The charts below show the way in which the
International Phonetic Alphabet (IPA) represents Vietnamese language pronunciations in Wikipedia articles. There are two major standards, one of Hanoi and one of Saigon. Each makes distinctions that the other does not; represented here are the central dialects that make the distinctions of both. Following the examples are common alternate transcriptions of these sounds in the IPA for comparison.
See Vietnamese phonology for a more thorough look at the sounds of Vietnamese.
ch [tɕ] (Saigon final [t] after e/i/y ) 
y (may follow all vowels but e/i/y ) 
c (after u, ô) [kʷ]
n (Saigon final [ŋ] after a/o/u ) 
nh (Saigon final [n] after after e/i/y ) 
ng (after u, ô) [ŋaaʷ]
s (Hanoi [s])
t (Saigon final [k] after a/o/u ) 
tr [ʈ] (Hanoi c)
v (Saigon [j])
u (Hanoi initial [ʔaaw]) (may follow all vowels but a/o/u ) 
g (before a/o/u ),  gh (before e/i/y ) 
d (Saigon [j])
r (Hanoi z)
g (before e/i ) 
iê, final ia
ưaơ, final ưaa [ɉaaə]
uô, final ua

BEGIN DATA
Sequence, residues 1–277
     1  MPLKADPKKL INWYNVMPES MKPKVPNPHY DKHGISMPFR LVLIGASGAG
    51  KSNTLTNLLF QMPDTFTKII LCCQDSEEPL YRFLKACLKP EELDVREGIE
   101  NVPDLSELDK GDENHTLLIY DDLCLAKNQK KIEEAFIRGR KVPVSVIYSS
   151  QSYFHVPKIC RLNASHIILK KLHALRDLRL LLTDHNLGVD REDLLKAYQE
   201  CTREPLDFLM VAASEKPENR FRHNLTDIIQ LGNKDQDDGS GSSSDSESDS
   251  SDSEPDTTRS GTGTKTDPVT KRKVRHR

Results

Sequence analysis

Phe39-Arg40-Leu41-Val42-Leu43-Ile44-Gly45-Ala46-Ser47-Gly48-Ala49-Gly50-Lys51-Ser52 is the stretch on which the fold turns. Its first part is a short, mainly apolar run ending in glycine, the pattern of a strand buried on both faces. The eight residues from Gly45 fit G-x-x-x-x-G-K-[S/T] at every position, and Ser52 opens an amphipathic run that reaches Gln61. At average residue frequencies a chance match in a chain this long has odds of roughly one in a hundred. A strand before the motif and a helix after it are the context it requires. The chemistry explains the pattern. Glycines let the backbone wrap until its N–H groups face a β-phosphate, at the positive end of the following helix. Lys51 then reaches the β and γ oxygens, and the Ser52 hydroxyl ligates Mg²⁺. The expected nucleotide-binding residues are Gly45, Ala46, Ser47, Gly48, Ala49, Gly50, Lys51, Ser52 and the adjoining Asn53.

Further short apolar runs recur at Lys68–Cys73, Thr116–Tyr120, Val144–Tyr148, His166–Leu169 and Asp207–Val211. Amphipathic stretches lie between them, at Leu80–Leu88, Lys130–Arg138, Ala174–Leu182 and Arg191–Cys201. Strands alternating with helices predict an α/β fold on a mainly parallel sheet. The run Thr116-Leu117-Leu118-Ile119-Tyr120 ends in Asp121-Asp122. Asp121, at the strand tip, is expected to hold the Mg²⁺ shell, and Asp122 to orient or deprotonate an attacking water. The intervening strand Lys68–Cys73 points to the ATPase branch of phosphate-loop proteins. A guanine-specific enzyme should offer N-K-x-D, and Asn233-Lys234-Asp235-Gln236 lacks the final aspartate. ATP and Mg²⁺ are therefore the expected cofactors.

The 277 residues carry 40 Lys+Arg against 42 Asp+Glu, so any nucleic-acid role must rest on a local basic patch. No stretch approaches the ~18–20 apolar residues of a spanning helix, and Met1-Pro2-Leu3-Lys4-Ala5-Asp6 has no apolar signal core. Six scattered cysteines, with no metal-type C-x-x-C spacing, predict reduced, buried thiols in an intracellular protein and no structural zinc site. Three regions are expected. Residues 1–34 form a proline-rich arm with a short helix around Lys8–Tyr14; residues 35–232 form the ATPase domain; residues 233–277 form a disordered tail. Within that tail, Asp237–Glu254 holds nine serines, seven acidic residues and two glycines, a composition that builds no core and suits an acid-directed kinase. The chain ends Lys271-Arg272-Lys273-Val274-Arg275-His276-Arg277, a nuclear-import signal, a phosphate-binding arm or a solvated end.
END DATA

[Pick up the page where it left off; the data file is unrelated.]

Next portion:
a (Hanoi [˧], Saigon [˧])
à (Hanoi [˧a˩], Saigon [˧a˩])
á (Hanoi [˧aˀa˥], Saigon [˧a˥])
ả (Hanoi [˧a˩a˧], Saigon [˧a˩a˧])
ã (Hanoi [˧aˀa˥], Saigon [˧a˩a˧])
ạ (Hanoi [˧aˀa˩], Saigon [˧a˩a˧aˀ])
ấac (Hanoi , Saigon )
ậac (Hanoi [˨], Saigon )
↑ a aa i E u The front vowels (
[i], [e], [ɛ], [j]) which are based on the letters e, i, and y.
↑ a aa i E The non-front vowels, which are based on the letters
a, o, and u.
↑ This is a dipping tone. It looks similar to
ã əaã ( [ ̃ ] (nasalized mark). The dipping tone differs only in being angular in shape, but is not widely supported by IPA fonts.
↑ a aa Before a final /p, t, c, k/, the six tones of Vietnamese are reduced to two.